By Kurtis Ming


TURLOCK (CBS13) — A Call Kurtis investigation uncovers a security flaw at your neighborhood Redbox kiosk.

When a Turlock viewer noticed the gaping hole in their security verification process he called Kurtis.

When you rent a movie and enter your credit card. They want your ZIP code to verify it’s really you.

But he learned you can enter any number you want and the sale goes through.

“I just noticed it and it was by accident,” said Tyler Combs.

After swiping his credit card Tyler Combs doesn’t mind punching in his ZIP code at the Redbox kiosk.

After all, the company said right on it’s machine, it’s “for verification purposes only.”

He enters the ZIP code 35791, which doesn’t even exist.

The machine accepts it he gets this DVD never checking the number against Tyler’s credit card information.

“That’s a concern,” he said.

Ryan Argyle also noticed it and wonders why he has to even enter a number.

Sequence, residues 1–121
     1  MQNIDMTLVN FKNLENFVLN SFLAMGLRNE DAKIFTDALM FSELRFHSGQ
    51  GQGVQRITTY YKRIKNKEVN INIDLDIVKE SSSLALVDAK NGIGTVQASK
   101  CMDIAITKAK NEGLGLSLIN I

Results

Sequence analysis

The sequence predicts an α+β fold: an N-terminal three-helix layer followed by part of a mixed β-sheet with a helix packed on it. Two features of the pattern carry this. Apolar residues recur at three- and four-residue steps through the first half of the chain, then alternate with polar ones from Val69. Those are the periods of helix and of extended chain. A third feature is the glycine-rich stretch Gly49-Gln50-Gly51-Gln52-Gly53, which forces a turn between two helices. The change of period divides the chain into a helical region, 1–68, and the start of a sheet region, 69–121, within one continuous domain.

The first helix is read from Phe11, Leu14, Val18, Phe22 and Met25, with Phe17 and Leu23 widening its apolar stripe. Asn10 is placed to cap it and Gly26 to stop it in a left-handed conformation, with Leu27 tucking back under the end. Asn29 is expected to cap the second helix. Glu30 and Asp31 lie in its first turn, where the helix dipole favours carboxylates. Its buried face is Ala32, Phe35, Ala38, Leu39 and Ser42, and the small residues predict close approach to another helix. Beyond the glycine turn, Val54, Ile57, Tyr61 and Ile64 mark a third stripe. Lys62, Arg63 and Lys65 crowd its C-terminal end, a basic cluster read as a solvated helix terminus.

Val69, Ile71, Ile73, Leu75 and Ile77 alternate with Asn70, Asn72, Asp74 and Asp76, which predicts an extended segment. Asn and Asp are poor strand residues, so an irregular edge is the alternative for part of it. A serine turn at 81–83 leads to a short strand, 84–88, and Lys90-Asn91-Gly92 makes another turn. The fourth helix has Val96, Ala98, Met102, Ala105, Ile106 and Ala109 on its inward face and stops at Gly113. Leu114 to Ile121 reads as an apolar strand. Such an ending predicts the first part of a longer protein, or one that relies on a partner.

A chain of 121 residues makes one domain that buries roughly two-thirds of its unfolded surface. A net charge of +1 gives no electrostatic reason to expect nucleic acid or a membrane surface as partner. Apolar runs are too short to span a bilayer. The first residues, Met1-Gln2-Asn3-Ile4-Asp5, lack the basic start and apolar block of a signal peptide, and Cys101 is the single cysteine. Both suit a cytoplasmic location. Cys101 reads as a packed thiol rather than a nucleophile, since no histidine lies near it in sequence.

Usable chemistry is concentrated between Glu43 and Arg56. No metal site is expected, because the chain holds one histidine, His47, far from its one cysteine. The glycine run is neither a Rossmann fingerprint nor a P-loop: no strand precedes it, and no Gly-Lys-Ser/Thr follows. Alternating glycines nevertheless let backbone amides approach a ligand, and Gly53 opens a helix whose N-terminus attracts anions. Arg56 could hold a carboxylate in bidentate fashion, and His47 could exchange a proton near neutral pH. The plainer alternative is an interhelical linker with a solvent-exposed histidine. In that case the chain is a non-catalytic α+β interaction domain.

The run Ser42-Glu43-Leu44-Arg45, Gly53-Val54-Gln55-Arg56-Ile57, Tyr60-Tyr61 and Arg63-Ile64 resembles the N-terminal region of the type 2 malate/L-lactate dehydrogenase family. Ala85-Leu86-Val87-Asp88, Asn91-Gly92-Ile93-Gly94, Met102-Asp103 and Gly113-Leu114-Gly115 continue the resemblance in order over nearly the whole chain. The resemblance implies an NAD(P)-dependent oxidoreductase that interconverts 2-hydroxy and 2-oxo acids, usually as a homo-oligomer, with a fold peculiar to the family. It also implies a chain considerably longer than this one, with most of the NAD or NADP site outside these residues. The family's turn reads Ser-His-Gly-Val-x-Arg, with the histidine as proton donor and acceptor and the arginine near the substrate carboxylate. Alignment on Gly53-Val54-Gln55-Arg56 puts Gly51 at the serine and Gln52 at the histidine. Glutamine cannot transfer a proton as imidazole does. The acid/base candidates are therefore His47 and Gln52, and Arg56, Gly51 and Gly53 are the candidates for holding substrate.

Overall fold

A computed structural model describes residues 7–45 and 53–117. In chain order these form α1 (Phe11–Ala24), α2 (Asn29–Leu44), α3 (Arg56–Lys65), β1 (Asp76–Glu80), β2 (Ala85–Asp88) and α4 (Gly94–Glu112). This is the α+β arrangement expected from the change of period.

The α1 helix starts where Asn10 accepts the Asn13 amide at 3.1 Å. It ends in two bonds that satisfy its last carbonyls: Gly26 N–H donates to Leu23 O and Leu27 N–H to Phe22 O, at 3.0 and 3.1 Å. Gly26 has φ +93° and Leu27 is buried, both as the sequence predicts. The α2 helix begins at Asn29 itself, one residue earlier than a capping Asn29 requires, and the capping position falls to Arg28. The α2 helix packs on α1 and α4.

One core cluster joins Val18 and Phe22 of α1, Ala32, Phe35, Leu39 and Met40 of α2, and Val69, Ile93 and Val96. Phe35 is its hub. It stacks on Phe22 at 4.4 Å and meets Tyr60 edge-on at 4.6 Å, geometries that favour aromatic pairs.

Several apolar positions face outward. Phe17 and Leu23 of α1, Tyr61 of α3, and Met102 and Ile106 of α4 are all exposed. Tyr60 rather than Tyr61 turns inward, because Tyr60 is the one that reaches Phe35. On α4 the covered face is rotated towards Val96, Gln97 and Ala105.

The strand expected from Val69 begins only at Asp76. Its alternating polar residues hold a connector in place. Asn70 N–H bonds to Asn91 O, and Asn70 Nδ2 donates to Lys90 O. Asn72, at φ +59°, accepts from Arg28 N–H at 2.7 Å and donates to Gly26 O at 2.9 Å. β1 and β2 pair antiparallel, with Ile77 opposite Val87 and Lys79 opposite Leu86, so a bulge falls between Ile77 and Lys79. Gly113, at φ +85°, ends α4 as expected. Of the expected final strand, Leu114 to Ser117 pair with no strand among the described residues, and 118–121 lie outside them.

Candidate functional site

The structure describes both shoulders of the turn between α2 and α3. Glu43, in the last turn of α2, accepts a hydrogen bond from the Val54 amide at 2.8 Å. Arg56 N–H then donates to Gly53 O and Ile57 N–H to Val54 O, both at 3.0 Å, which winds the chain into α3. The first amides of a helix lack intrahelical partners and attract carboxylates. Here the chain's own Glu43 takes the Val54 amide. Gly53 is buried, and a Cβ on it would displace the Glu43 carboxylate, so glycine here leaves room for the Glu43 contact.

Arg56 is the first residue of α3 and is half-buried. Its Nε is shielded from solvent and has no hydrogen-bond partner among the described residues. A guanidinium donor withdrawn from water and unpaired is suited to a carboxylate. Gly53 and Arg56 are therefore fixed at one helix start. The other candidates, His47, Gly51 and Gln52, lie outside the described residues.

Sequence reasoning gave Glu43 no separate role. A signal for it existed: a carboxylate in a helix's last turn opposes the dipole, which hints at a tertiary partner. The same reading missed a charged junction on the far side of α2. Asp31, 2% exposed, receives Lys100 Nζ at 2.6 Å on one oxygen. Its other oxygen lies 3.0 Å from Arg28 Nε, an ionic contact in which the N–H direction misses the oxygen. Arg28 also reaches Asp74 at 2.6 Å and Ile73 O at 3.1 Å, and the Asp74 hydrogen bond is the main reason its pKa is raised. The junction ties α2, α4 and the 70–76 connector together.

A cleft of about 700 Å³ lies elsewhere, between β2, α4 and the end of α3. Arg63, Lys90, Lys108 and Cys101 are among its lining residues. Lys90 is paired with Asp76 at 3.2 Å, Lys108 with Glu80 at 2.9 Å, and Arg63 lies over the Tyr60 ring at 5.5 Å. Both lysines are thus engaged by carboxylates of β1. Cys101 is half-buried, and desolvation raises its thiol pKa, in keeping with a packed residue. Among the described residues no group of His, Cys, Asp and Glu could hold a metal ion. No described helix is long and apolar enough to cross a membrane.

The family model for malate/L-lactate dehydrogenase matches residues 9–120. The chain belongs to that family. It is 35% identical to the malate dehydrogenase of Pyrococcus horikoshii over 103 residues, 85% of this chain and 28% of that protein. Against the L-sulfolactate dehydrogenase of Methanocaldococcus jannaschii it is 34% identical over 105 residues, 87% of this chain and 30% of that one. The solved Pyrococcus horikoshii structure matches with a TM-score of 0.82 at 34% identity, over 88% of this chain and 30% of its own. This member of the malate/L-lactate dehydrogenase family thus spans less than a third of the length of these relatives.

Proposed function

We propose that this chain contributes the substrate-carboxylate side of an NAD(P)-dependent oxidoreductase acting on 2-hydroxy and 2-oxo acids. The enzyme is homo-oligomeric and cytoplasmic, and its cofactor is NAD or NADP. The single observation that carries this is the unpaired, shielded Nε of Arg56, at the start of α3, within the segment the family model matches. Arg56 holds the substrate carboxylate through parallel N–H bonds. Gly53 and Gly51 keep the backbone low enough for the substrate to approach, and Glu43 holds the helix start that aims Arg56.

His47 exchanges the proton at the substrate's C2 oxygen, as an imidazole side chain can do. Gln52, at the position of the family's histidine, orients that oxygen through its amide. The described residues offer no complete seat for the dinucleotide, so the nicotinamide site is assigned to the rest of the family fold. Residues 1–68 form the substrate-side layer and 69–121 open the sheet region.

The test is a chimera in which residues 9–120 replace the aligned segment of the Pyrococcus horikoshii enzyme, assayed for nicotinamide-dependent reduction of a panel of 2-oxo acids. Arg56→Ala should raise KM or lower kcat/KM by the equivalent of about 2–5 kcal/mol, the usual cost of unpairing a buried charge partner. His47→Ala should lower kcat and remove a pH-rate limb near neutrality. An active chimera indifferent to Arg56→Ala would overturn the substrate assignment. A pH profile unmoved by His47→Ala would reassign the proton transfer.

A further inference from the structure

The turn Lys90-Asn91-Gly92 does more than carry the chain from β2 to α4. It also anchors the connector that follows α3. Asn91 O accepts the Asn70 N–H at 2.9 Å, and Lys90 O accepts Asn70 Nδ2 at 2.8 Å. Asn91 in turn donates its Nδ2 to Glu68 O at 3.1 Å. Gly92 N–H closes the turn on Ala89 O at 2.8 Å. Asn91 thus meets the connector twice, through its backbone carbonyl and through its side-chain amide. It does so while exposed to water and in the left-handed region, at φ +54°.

“It should work the way it’s designed to work,” he said.

“They’re capturing that information for another reason, obviously,” Combs said.

“They’re really walking a tight rope here,” said consumer privacy attorney Jeff Keller.

He said it’s illegal to collect ZIP codes in California unless it’s for verification purposes.

A district court judge threw out a lawsuit against Redbox last year for collecting ZIP codes saying it served “a legitimate need — fraud prevention.”

But what if they’re not actually using ZIP codes to prevent fraud?

“Redbox is really gonna have to explain themselves about why they’re collecting this data,” he said.

Redbox refused to answer our questions, including why it requires ZIP codes, saying “we’re unable to comment.”

Concerned about privacy, Combs thinks the company owes him and its customers an explanation.

“They need to do something,” he said. “The only real option to do is to fix it.”

If companies break the law, they could be charged up to $1,000 per transaction, which could be billions of dollars.

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